The weight of ice
Taking off amidst snow flurries we are headed completely across the Greenland ice cap to the northeast corner of of the country. This flight will differ from most of the DC-8 flights during the Ice Bridge 2010 Greenland campaign. The DC-8 flights are mainly used to measure sea ice or surface mapping with high altitude LVIS (a laser swath-mapping instrument). The P-3 aircraft flights, scheduled for later in the program, are better suited for the surveys of glaciers, as the plane is slower and smaller. Today’s flight, however, is a low altitude survey flight over the Northeast Ice Stream, an area where satellites suggest that the thinning of the ice cap is just beginning. Our Ice Bridge 2010 studies will provide a baseline to assess future changes. There are four flights to this area in the plan, two on the DC-8 to survey the ice stream and 2 on the P-3 aimed at the glaciers.
Flying 1500 feet above the ice we skim low over an area of dunes and ridges carved on the ice surface by the wind, but flat with almost no larger-scale relief. The ice penetrating radar shows about 2.5 Km (8200 feet) of ice in the center of Greenland and about 1.2 km (a little under 4000 feet) of ice near the edges. With altitude in the center of Greenland ~ 8000 feet, this places the rocky surface under the ice near or below sea level. Most people would be surprised to hear that under the ice Greenland is shaped like a bowl, low in the center and rising toward the mountains on the coast. The low in the center is largely due to the weight of the ice, causing the Earth’s crust to bend and sag under it.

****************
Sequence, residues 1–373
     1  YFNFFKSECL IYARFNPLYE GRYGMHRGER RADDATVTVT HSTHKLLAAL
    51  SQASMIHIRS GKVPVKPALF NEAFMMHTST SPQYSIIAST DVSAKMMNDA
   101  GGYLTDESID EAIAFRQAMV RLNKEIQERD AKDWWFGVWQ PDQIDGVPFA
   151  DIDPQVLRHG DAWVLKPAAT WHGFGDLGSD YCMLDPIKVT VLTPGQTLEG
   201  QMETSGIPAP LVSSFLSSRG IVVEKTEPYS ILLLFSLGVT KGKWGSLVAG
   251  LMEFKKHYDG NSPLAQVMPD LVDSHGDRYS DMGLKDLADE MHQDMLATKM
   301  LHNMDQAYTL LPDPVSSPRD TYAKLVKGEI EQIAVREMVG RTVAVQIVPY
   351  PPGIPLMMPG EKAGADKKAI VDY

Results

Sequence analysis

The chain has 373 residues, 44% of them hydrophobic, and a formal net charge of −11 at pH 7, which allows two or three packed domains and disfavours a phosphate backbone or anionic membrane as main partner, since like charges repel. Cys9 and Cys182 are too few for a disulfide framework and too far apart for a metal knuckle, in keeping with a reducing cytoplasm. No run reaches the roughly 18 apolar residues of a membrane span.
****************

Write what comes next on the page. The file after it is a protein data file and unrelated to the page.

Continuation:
Reaching the mountains along the eastern coast, we begin our grid survey, flying long lines parallel to the coast and the mountains. Each line is spaced 10 km further inland, so as morning moves into afternoon the mountains become smaller and more distant. Before wrapping up we fly down the center of two glaciers that drain the ice stream. We are measuring for change in Zachariae and in 79°North Glacier (easy to locate on a map by its name). Earlier surveys show Zachariae Glacier had accelerated in thinning from ~ 1m a year in 2000 to ~2.5 m a year in 2009. Our low flight down the center of each of these glaciers measures for any further changes before heading ‘home’ to Thule!